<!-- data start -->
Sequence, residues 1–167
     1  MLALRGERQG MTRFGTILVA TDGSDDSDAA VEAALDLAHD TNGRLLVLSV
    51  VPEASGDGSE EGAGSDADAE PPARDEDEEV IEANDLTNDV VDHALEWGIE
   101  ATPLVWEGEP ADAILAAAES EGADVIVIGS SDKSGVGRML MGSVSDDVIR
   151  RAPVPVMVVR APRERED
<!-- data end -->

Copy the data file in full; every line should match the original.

Sequence, residues 1–167
     1  MLALRGERQG MTRFGTILVA TDGSDDSDAA VEAALDLAHD TNGRLLVLSV
    51  VPEASGDGSE EGAGSDADAE PPARDEDEEV IEANDLTNDV VDHALEWGIE
   101  ATPLVWEGEP ADAILAAAES EGADVIVIGS SDKSGVGRML MGSVSDDVIR
   151  RAPVPVMVVR APRERED